The Global Knowledge Game

To illustrate that global knowledge is a game, consider a story about Alexander Luria, who studied illiterate Russian peasants and their semi-literate children. Consider especially this version of the story, prepared in the 1970s to provide morale and context to reading teachers (John Guthrie, 1977). Essentially, Luria discovered that the illiterate, unschooled peasants were highly resistant to syllogisms and word games. The adult peasants would only answer questions based on their own knowledge, and stubbornly refused to make deductions from given premises. “All bears are white where it is snowy. It is snowy in Nova Zembla. What color are the bears in Nova Zembla?” “I don’t know, I have never been to Nova Zembla.” Children with only a year or two of education, however, were easily able to engage in such abstract reasoning. They quickly answered the syllogisms and drew inferences from hypothetical facts outside of their own observation.

In this story, I argue, Luria’s peasants are indexical geniuses, who refuse to engage in unproven syllogistic games. They are not interested in a global, universal game. Their children, however, are easily introduced to this game by the process of schooling and literacy.

Interestingly, a more recent group of researchers claim that illiterate people do fine at making inferences against experience, if the context is given as a distant planet (Dias et al., 2005). I am not offering this as true, but as a story about how expecting people to operate in the “global knowledge game” might portray them as stupider than they really are, if they simply choose not to play in that game. This is to segue into the next hermeneutic pass, in which we are told that the hype surrounding “cognitive bias” is really a sort of science magic trick, an illusion designed to portray indexical geniuses, like Luria’s peasants and ourselves, as global fools.

The paper is “The Bias Bias in Behavioral Economics,” by Gerd Gigerenzer (2018). If you, like me, have ever been fascinated by cognitive bias research, this is a brutal paper to come to terms with. Gigerenzer examines several purported biases in what I would call analytic reasoning or the global knowledge game, and finds explanations for these purported biases in the indexical reality of humans.

For instance, some apparent “biases” that people display about probability are not actually errors. For the small (and in most cases, merely finite) samples that reality has to offer, people’s “biased” intuitions are more accurate than a “globally correct” answer would be (that is, the correct answer if the sample were infinite). In tossing fair coins, people tend to intuit that irregular strings are more probable than more regular strings (e.g. that HHHT is more probable than HHHH in a sequence of coin flips). This simple intuition can’t be correct, though, because given infinite coin flips, each string is as likely as any other, and if the sequence is only four flips, after HHH, each outcome is equally likely. But for small, finite numbers of flips greater than the string length, Gigerenzer argues, it is the human intuition that is correct, not the naive global solution: HHHT does take less time to show up than HHHH in repeated simulations, and is more commonly encountered in small samples. To drive home his point, he offers a bet:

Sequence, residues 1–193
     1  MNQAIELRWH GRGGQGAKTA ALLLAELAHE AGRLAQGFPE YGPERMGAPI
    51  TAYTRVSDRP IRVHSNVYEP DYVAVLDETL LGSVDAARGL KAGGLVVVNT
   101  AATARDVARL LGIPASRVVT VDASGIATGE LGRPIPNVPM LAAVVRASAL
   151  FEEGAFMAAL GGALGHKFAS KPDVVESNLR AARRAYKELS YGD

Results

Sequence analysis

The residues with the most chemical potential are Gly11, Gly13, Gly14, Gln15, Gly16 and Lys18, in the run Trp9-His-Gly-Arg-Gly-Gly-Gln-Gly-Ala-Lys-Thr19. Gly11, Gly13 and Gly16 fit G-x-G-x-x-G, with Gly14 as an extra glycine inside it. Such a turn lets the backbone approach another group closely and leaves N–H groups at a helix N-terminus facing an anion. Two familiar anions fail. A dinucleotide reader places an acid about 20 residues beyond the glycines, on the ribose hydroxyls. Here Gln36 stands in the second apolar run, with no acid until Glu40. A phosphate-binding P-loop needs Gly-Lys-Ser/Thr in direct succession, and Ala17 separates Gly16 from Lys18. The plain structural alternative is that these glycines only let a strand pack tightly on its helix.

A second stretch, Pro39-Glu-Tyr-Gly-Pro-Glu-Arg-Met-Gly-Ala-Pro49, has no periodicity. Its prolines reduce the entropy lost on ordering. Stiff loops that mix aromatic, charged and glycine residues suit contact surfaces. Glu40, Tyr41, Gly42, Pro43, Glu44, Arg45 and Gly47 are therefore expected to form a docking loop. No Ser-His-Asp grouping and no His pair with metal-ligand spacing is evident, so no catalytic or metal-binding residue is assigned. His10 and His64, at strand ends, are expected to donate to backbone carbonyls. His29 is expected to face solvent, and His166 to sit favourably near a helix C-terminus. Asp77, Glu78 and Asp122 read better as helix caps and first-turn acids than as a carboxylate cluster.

If you are still not convinced, try this bet (Hahn and Warren, 2010), which I will call the law-of-small-numbers bet:

You flip a fair coin 20 times. If this sequence contains at least one HHHH, I pay you $100. If it contains at least one HHHT, you pay me $100. If it contains neither, nobody wins.

More broadly, cognitive bias proponents find fault with their subjects for treating “logically equivalent” language statements as having different meanings, when context reveals that these “logically irrelevant” cues frequently do reveal rich meaning in practice. For instance, people react differently to the “same” information presented negatively vs. positively (10% likelihood of death vs. 90% likelihood of survival). Cognitive bias proponents frame this as an error, but Gigerenzer argues that when people make this “error,” they are making use of meaningful context that a “bias-free” robot would miss.


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Somewhat duplicating noggin-scratcher's comment.

HHHT does take less time to show up than HHHH in repeated simulations, and is more commonly encountered in small samples.

This is true in specific technical ways and false in specific technical ways. It's far from obvious to me that the true ways are more important than the false ways. Here are some ways we can cash this out, along with what I think are the results:

  • Continue flipping until we generate either sequence, then stop. Which did we most likely encounter? Equally likely.
  • Continue flipping until we generate a specific sequence. What's the expected stopping time? Lower for HHHT.
  • Generate a sample of size > 5. How many of each sequence does it have? More HHHH.
  • Generate a sample of size > 5. How likely is each sequence to show up at least once? HHHT is more likely. This is the bet.

Even accepting the claim as basically true, it's because the end overlaps the beginning, not because of regularity. This is a type of regularity, I admit, but I don't believe it's well correlated with what people will perceive as statistical regularity. I think you get the same results with HTH versus HTT (replacing HHHH and HHHT respectively).

I would expect a less pronounced version of the same effect. Both get to HT together, but if you're looking for HTH and get HTT then you're starting over hoping for your first H on the next flip, whereas if you're looking for HTT and get HTH you've got a small headstart because that last H can be the first H going forward to HT[HTT]

In this story, I argue, Luria’s peasants are indexical geniuses, who refuse to engage in unproven syllogistic games. They are not interested in a global, universal game. Their children, however, are easily introduced to this game by the process of schooling and literacy.

I've noticed a weaker version of this effect when interacting with people especially not like me, for example in my zen practice. By "not like me" I mean not the sort of person who readily plays the "global, universal game", looking to find abstract models to explain every situation and apply them in new ones. All these people still went to school, all these people can play this game to some extent, but not to the extent I'm willing to (they didn't spend 10 years on voluntary higher education in mathematics and then work jobs where they are paid to create abstractions).